Jim Fashing
Executive Director


Monday - Friday
8:00 am to 4:30 pm

500 E. San Antonio
Suite LL-108
El Paso, Texas 79901
Phone (915) 834-8200
Fax (915) 834-8299

Management Action Plan

Domestic Relations Office

  • Child Support FAQs
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  • What is child support?
  • The most important thing to look for in deciding what is child support is the language in the court order. The most common type of child support is in the form of monthly payments from the non-custodial parent (Obligor) to the custodial parent (Obligee). However, Texas law requires that an Obligor provide medical support for his/her children as well, either by obtaining health insurance for the children themselves or by reimbursing the Obligee for the cost of covering the children on th Obligee's health insurance. Occasionally, a court may order other forms of child support such as payment of tutoring or private school.
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  • How do you calculate how much child support a person owes?
  • Different states use different formulas for calculating a parent's child support obligation. Under Texas Law, an Obligor owes a certain percentage of his or her "net resources." Texas Law does not take a spouse's income or the income of the custodial parent into account in calculating child support. The formula used to calculate net income is too complex to be explained fully here. For a thorough explanation of how to calculate child support under Texas Law, you may attend the Child Support class offered by the Family Law Information Center.
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  • Once I have the court order, what is next?
  • If you already have a court order for child support, the child support can be garnished ("withheld") from the paycheck of the person ordered to pay child support ("Obligor"). For more detailed information on withholding orders, please refer to the Withholding Order/Wage Garnishment for Child Support flyer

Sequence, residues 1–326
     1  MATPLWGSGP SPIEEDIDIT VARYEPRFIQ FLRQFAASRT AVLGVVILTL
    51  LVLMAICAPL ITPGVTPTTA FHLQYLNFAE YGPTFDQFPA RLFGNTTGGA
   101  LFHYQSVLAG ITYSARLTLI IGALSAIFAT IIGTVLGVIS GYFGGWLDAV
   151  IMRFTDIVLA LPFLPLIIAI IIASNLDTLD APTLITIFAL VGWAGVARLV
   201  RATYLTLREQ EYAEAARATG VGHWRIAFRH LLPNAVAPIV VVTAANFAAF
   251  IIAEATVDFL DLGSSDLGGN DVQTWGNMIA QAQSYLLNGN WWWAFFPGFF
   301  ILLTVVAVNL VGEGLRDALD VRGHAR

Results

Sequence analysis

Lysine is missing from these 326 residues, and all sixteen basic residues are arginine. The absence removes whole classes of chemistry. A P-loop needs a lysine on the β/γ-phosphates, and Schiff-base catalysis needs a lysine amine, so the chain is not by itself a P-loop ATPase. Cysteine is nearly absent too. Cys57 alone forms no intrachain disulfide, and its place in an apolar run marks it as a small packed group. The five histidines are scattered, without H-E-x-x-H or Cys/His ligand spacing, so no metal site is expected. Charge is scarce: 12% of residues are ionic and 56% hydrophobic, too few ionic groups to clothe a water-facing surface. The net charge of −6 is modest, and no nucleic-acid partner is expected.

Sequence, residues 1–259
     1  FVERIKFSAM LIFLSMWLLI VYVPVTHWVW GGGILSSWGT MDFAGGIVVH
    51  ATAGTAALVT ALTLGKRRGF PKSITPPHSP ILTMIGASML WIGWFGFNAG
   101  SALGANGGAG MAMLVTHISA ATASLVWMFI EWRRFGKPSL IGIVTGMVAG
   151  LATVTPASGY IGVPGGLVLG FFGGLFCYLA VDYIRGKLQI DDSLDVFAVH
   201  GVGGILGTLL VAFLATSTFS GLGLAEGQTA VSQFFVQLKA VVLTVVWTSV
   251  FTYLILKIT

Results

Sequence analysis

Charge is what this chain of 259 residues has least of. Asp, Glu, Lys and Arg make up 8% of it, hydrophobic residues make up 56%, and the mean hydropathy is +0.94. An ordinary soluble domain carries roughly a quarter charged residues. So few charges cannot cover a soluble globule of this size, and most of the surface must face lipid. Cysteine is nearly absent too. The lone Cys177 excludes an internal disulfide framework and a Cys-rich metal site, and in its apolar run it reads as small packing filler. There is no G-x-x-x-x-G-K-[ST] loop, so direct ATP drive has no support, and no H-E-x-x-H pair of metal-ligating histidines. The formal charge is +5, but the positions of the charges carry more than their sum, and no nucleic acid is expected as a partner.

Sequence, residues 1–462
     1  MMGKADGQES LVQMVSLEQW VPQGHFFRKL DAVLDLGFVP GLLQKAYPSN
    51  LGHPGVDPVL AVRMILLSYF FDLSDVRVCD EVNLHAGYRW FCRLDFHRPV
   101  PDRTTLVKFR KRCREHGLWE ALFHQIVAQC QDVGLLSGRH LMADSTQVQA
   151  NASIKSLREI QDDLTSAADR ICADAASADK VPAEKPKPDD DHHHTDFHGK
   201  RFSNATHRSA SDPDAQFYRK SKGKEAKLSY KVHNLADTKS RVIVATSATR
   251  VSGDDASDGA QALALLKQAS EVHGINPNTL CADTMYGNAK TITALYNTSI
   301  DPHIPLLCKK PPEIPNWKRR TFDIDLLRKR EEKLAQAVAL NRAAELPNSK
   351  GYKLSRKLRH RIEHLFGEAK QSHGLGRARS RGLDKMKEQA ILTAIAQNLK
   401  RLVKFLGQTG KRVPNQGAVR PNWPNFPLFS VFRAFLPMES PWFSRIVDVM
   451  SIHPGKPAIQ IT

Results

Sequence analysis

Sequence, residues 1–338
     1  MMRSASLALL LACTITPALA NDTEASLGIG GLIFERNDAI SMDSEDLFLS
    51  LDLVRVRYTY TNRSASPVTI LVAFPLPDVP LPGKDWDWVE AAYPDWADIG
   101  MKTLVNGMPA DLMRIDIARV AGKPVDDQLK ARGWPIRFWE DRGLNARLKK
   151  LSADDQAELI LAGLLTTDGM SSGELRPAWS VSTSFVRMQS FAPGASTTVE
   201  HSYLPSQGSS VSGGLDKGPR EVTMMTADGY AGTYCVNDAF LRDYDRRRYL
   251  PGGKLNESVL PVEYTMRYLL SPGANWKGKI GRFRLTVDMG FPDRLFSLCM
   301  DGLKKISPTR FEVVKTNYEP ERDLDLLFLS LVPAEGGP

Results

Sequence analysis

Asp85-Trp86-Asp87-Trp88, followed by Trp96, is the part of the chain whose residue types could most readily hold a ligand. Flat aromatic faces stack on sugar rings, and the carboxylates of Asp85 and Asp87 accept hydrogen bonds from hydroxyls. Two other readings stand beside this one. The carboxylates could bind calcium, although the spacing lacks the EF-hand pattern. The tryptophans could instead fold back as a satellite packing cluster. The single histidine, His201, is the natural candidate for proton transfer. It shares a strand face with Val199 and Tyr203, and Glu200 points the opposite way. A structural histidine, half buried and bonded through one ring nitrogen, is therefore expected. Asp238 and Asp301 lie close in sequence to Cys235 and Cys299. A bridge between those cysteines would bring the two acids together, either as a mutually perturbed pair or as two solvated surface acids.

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  • Can the court order the Obligor to pay child support after my child is 18 years of age?
  • Again, you must look to the specifics of your court order. In general, Texas law provides that parents have an obligation to support a child until the child is 18 years of age or has graduated from high school, whichever occurs later. However, under certain circumstances, the obligation to support the child might end earlier (such as when a child marries before the age of 18) or later (such as when a child is disabled).
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  • The court already ordered child support, but the other parent isn't paying. What can i do?
  • See the Family Law Information Center flyer on Enforcing your Court Order for basic information. For more detailed information you may wish to attend the Child Support class offered by the Family Law Information Center.
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  • Is a child eligible for child support if he or she is also receiving monthly welfare assistance from the Texas Department of Human Services?